According to numerous northern residents, AQIM fighters have been circulating openly in Tuareg towns, not for the past year, but for the past 10 years; shopping, attending weddings, and parading fully armed in the streets, in front of police stations and military barracks.  
Colonel Habi ag Al Salat, a Malian army commander who defected in 2011 to join the MNLA, was one of the first to notice the Algerian fighters from the Salafi Group for Preaching and Combat (GSPC) entering Tuareg towns of the far north such as Aguelhoc, which was under his command.  
But when Habi warned his army superiors they told him to stand down and leave the men alone because they were "not enemies" of Mali. When the GSPC changed its name to al-Qaeda in the Islamic Maghreb, following a pact announced by Ayman Al Zawahiri, that policy did not change.

"Mali opened the field to al-Qaeda - to roam among the camps and villages, to build relationships with the people," says Habi.

"Local people benefitted up to a point from the trickle down of money flowing to al-Qaeda by way of Mali. And this ensnared many of our youths who are unemployed. Mali facilitated al-Qaeda, providing them complete freedom of movement among our families because they believed the presence of this group would impact the Tuareg struggle against the governing regime which has been going on for 50 years."

Yet for all the huge sums of money, most Tuaregs in northern Mali dislike Salafism and remain un-seduced by al-Qaeda. Most still cling to dreams of independence and find old-school national liberation groups like the MNLA attractive, in spite of the fact that it cannot even afford to feed its troops.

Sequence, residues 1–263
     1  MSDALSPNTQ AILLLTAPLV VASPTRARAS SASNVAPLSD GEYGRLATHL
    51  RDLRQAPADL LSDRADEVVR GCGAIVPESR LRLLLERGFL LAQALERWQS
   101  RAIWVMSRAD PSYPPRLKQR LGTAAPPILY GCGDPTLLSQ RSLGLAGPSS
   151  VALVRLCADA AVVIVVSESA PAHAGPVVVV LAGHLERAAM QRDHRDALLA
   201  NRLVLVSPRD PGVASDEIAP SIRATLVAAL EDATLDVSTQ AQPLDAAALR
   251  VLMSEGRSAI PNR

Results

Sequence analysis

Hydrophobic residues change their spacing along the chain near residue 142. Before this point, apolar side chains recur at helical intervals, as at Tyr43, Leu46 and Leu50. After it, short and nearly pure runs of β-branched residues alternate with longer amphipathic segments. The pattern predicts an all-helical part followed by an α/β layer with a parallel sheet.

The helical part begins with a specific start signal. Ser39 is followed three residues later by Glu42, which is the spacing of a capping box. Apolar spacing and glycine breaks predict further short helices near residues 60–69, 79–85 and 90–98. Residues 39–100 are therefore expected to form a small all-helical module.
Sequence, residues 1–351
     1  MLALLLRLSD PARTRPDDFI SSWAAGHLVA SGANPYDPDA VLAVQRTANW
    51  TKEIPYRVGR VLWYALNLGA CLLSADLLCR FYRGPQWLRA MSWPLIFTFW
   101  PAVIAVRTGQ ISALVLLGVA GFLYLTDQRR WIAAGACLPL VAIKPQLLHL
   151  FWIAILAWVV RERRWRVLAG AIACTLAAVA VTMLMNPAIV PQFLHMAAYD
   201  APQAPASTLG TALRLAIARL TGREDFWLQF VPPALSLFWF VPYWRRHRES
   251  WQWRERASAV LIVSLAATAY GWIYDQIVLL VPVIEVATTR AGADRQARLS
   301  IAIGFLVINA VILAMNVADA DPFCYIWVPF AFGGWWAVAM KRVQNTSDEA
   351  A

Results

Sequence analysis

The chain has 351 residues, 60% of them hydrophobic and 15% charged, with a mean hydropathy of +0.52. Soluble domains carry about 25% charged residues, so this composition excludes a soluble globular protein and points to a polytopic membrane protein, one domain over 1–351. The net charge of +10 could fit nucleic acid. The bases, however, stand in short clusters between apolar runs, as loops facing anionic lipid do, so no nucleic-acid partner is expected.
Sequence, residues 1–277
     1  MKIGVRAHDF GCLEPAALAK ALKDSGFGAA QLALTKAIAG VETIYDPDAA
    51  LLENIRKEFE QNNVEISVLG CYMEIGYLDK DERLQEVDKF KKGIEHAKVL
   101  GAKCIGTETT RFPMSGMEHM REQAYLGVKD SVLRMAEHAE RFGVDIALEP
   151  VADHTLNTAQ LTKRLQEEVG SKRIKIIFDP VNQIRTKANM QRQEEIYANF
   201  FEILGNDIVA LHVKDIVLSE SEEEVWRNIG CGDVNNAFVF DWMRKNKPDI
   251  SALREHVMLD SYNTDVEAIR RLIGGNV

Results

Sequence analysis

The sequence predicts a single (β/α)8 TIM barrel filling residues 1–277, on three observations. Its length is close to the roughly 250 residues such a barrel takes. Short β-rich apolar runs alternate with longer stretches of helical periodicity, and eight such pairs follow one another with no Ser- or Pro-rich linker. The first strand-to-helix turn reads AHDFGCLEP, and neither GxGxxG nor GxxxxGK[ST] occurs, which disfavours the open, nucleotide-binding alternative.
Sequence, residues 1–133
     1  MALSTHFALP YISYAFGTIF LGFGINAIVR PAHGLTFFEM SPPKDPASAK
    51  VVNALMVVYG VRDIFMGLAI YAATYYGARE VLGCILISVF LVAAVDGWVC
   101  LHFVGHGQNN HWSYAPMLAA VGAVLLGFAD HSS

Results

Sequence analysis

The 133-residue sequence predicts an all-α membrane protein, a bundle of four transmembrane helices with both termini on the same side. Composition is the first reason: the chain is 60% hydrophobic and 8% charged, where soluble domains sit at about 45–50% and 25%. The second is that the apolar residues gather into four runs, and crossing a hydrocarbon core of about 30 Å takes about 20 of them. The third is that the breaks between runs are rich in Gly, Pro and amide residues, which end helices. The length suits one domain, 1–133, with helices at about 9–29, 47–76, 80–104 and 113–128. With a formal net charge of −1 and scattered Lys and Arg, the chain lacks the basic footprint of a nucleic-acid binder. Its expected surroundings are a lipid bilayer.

"We are Muslims but we can't stand the Salafi way," says Bukhadu, a 22-year-old Tuareg herder who likes the MNLA. "We want our sisters to feel the wind in their hair."

Were it not for legendary Tuareg warrior-turned-Salafi Iyad Ag Ghali, who led Mali's Tuareg rebellion in the 1990s and who has used all his political and tribal capital to press his followers into the cause of jihad, al-Qaeda would have little support in northern Mali, and the Tuareg push for independence would have been hard to stop.

Now, thanks to his alliance with al-Qaeda, Iyad Ag Ghali has muscled Ansar Dine to a place at the negotiating table with a prize bargaining chip in hand - much to the relief of regional negotiators who prefer dealing with Ansar Dine, which unlike the MNLA, does not want an independent state.

The forbidden state

Can the welcome mat Mali extended to AQIM be understood only as a case of greed?

This region has been dealing with Tuareg rebellions and Tuareg separatism for 50 years. Not a single country in the Sahel or Sahara supports the notion of a new state, especially not one that might fuel Berber aspirations in Algeria, or more seriously, spark Tuareg irredentism on the part of oil-rich southern Algeria's Tuareg populace, or oil-rich southwest Libya's Tuaregs, or uranium-rich northern Niger's Tuaregs.

The major existential threat to states like Mali, Niger and Algeria is Tuareg/Berber rebellion and separatism.
 Exclusive:  Al Qaeda linked groups take over northern Mali
The fact that Tuaregs are one of the world's poorest and most isolated people living atop some of the world's richest resources only fuels the fear, and the desire.

Of the millions of dollars in US and EU support allocated to help the Malian army fight al-Qaeda, much of it was diverted to fight the Tuareg insurgency.